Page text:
Having skipped lunch, it was time for more culinary delights in the evening, and it was recommended that we try the Castle Hotel on the High Street. Unfortunately, the restaurant itself was fully booked, but food is also served in the bar area, which was more relaxed but nevertheless had some fantastically attentive waiters. With a focus on quality over quantity, and making the most of the local produce on offer, the Castle Hotel is serving some really special dishes. It's also the only restaurant where I have ever enjoyed eating black pudding. The award-winning Head Chef, Graham Tinsley, deserves all of the praise he gets – for the sake of the Castle Hotel, I just hope that Conwy doesn’t become too small for him!

For those who prefer their food less fussy, the simple joys of fish and chips can also be found in Conwy (I saw at least two places claiming to be the best fish and chip shops in North Wales) and there is also a mussel museum where you can get your fill of these cheap, delicious shellfish. As in many UK tourist towns, there are also plenty of cream tea and cake options, as well as a great delicatessen and a couple of lovely little chocolate shops if you’re intending to take a sweet taste of Wales home with you.

For all the great food on offer, it’s perhaps surprising that the one thing Conwy lacks is a truly great pub. There is no shortage of places where you can get your pint of Brains, but whilst I can’t say we visited every pub within the ancient walls, those we did venture in to tended to be ordinary at best, and at times quite dingy and grotty. Should anyone ever open a pub in this town that combines great food with a quality pint (that doesn't stick to the table when you put it down), it will undoubtedly be the icing on the Welsh cake.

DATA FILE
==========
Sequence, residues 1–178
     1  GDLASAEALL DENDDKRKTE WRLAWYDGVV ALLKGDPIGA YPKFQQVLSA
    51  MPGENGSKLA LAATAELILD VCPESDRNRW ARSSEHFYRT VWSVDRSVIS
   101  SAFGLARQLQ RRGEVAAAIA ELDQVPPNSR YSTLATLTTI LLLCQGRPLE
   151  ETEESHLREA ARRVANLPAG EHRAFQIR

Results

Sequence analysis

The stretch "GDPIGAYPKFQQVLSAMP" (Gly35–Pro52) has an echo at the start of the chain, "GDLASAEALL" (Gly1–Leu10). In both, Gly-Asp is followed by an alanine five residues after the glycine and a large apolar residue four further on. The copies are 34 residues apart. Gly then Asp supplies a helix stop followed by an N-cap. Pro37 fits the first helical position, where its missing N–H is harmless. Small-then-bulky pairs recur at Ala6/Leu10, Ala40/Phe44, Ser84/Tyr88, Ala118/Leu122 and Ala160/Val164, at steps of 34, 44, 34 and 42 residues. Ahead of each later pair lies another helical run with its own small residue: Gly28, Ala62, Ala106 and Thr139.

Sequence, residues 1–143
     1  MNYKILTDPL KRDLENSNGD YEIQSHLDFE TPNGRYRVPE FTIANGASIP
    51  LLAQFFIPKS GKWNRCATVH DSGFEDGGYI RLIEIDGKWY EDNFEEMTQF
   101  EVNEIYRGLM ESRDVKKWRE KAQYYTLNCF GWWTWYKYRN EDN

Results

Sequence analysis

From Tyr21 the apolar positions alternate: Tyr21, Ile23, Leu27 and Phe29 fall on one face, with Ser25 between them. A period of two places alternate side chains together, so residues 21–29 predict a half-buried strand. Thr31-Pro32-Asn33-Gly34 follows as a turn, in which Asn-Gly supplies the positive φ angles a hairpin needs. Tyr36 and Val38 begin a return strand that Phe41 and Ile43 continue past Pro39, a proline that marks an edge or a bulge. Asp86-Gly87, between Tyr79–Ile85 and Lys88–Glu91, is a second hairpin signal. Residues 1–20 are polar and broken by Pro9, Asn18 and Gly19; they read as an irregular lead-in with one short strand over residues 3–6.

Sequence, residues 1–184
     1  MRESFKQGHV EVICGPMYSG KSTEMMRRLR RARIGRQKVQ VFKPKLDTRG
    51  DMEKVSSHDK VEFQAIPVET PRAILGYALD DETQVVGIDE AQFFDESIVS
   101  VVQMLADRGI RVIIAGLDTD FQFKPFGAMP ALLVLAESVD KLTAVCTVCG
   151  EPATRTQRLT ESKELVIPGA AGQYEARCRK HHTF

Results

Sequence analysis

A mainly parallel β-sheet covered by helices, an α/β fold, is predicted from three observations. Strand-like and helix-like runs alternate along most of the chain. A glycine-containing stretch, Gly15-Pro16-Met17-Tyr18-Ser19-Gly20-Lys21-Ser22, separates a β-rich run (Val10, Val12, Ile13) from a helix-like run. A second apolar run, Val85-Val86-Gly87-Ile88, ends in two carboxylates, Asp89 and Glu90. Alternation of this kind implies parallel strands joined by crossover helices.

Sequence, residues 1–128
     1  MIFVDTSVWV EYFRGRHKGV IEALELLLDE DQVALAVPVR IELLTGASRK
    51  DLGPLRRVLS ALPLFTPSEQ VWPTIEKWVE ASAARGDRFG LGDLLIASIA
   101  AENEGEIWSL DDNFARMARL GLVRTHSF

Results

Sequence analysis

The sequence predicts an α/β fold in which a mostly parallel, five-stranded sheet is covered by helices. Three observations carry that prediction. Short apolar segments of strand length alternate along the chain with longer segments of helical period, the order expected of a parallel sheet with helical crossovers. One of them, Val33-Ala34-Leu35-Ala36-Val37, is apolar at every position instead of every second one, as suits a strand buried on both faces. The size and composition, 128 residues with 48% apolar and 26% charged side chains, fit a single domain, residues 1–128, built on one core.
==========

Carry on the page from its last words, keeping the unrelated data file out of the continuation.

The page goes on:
So visit Conwy, enjoy the beauty, love the food - and if you’re feeling guilty about the calories, the view from the top of nearby Mount Snowdon is outstanding.

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More information on A foodie guide to Conwy:

Ian Cook
Traveller type:
Travel Enthusiast
Guide rating:
Average: 3 (1 vote)
Total views:
First uploaded:
5 August 2009
Last updated:
5 years 25 weeks 1 day 9 hours 22 min 40 sec ago
Destinations featured:
Trip types:
Family, Food and Drink, Short Break
Budget level:
Mid-range, Expensive
Free tags / Keywords:
pubs, drinking, eating, restaurants

Ian recommends


Price from Rating
(out of 5)
1. Castle Hotel
2. Gwynfryn

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Community comments (1)

0 of 0 people found the following comment helpful.

This is a reasonable overview of dining options in Conwy.

My suggestion is to include more than just the two specific restaurants that you mention (Bistro Bach and Castle Hotel) for it to work well as a foodie guide. For example, Victoria Brown’s “A local’s guide to Sydney’s Asian food” www.simonseeks.com/travel-guides/locals-guide-sydneys-asian-food__167864 is very comprehensive with around 10 restaurants reviewed.

The Bistro Bach review is quite negative to begin with which makes me wonder if it should be recommended. However, I also appreciate your honesty in this guide and perhaps more writers should record bad as well as good experiences. Not everywhere is perfect and I think readers will appreciate being warned in advance of a visit.

You mention fish and chips, the mussel museum, a delicatessen and chocolate shop. I would suggest including names and addresses and web links (if available) for these establishments so that readers can find them easily. I would also suggest more food related photos, as this is the focus of the guide.